Doug and Mike Starn were born in 1961 in New Jersey and live and work in New York. The Starns, identical twins, have been working conceptually with photography for over two decades but defy categorization by combining photography with sculpture, painting, video, and installations. They are internationally recognized for their penetrating conceptualization of light.
Mike + Doug Starn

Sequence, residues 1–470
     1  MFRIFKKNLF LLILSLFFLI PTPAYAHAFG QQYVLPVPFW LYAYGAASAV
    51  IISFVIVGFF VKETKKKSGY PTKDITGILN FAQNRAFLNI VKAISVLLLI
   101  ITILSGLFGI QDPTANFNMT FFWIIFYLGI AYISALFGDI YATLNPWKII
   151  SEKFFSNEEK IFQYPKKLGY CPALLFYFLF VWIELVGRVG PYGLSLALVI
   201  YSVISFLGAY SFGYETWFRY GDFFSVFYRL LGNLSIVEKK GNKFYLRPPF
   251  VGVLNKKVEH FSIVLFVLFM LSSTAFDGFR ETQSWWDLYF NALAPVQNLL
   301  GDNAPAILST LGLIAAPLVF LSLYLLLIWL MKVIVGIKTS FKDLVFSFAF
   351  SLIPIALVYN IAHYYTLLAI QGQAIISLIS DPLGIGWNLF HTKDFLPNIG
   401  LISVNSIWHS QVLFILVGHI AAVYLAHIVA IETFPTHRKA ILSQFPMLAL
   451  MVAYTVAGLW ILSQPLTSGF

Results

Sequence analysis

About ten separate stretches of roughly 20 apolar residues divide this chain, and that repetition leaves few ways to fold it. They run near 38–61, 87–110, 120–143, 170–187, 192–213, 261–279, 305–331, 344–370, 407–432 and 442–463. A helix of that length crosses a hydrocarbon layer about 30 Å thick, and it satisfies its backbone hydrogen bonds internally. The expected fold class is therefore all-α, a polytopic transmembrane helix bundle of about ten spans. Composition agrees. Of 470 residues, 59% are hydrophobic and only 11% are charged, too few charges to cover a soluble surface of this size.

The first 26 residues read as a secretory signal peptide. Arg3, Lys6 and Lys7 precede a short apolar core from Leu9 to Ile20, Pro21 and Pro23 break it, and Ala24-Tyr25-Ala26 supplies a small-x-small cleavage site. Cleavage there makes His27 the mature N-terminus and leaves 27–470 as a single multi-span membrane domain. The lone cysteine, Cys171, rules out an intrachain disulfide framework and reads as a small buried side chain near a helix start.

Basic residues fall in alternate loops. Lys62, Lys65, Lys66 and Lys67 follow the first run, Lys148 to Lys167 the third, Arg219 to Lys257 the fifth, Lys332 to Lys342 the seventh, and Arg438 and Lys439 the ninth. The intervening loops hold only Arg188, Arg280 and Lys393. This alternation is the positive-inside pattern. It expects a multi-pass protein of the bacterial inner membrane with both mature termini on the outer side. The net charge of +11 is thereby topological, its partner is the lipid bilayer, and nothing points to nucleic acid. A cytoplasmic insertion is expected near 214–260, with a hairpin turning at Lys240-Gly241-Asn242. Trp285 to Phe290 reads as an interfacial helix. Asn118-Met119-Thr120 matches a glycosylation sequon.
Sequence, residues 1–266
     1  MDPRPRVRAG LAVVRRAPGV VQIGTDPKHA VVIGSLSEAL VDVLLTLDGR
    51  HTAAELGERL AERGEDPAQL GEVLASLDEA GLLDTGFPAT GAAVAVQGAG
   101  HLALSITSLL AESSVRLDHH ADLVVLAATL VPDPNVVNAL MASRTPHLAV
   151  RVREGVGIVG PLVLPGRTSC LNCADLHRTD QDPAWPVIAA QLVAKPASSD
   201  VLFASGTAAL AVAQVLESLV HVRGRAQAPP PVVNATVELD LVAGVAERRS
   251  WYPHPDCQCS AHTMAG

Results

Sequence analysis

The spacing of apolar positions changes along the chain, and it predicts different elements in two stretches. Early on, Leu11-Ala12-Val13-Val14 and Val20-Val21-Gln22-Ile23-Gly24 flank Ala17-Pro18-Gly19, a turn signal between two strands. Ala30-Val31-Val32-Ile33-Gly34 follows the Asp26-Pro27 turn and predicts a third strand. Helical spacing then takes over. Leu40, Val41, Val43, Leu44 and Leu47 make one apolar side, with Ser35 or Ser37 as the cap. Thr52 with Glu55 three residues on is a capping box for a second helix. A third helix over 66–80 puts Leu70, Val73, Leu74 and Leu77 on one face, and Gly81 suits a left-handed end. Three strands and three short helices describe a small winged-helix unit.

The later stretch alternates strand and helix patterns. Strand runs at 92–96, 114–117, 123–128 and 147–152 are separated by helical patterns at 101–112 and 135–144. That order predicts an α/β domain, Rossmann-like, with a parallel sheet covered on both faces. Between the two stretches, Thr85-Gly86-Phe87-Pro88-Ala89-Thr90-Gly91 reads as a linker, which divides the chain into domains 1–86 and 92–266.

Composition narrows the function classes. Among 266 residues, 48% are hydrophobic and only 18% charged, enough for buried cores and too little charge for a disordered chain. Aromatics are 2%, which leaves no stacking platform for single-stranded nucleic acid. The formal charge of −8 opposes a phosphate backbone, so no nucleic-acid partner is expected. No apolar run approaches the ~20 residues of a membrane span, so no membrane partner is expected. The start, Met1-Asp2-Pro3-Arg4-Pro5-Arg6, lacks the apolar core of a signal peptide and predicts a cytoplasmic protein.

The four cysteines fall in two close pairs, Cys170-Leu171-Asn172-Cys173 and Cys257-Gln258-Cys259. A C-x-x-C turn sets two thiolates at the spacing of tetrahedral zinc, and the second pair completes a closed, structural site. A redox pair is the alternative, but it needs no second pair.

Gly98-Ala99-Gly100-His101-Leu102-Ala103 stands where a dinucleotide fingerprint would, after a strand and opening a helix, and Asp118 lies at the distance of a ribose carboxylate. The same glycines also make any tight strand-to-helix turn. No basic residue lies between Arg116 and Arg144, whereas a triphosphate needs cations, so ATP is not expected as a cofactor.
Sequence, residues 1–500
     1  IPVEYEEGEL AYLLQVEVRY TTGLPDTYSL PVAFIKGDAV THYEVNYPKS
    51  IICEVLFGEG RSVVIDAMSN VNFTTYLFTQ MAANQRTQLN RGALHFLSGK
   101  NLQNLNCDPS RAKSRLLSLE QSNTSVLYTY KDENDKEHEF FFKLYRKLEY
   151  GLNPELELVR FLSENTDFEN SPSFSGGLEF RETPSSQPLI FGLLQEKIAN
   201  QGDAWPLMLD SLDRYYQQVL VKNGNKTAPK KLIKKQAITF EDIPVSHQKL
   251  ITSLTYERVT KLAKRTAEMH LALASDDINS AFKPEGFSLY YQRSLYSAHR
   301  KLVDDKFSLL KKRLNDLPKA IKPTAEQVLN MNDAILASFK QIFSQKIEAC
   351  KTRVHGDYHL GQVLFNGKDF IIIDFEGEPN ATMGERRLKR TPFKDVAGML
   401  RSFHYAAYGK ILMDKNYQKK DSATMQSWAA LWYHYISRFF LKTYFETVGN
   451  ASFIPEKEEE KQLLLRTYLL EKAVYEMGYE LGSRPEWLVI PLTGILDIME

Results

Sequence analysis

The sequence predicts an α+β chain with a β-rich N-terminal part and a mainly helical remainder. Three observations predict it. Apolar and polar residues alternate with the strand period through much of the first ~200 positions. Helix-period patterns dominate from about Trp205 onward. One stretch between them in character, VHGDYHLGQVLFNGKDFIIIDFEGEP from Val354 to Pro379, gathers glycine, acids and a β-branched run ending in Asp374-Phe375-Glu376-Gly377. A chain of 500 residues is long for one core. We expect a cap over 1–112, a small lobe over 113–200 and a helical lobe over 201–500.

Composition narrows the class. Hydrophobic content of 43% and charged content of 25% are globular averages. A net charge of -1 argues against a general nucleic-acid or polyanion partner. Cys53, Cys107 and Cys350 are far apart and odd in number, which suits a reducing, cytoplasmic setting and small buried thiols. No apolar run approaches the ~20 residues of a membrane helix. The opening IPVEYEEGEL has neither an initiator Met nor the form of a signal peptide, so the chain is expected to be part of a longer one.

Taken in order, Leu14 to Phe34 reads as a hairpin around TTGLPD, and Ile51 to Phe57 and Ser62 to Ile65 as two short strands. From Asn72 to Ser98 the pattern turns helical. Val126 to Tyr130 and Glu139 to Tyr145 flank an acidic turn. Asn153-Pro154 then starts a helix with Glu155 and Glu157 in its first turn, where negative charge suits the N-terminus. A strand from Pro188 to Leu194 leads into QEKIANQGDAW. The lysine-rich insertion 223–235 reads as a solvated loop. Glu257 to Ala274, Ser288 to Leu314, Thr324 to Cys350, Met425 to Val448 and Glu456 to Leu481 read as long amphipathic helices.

They attended the School of the Museum of Fine Arts in Boston and gained international attention since 1987 after their participation in the Whitney Biennale. The Starns are primarily concerned with themes of chaos, interconnection and interdependence. Their ongoing and itinerant project Big Bambù (2008-present), are monumental bamboo structures made by combining different creative and design skills in a single installation. The large-scale works are made possible with the help of a group of climbers who built the structure, whose size, like a living organism, grows in spring and shrinks in autumn. The installation adapts to the exhibition space and the season, developing with the passage of time. Their principal works can be found in collections such as the Museum of Modern Art, the Solomon R. Guggenheim Museum and the Whitney Museum of American Art, New York; the Museum of Modern Art, San Francisco; The National Gallery of Victoria, Melbourne; and La Maison Européenne de la Photographie, Paris. Different versions of Big Bambù have been installed at the Metropolitan Museum of Art (2010), New York; during the 54th Venice Biennale (2011); at MACRO (2012), Rome; and permanently installed at the Israel Museum (2014-15), Jerusalem. Additionally, they have exhibited at The National Academy of Sciences, Washington DC (2006); The Cincinnati Art Museum (2012); Walker Art Center (2013) Minneapolis; Yokohama Art Museum (2016), Japan, to name only a few. The Starns have been received the Photography Fellowship, Massachusetts Council on the Arts (1986); National Endowment for the Arts Grants (1987, 1995); the International Infinity Award for Fine Art Photography (1992) and the Brendan Gill Prize (2009).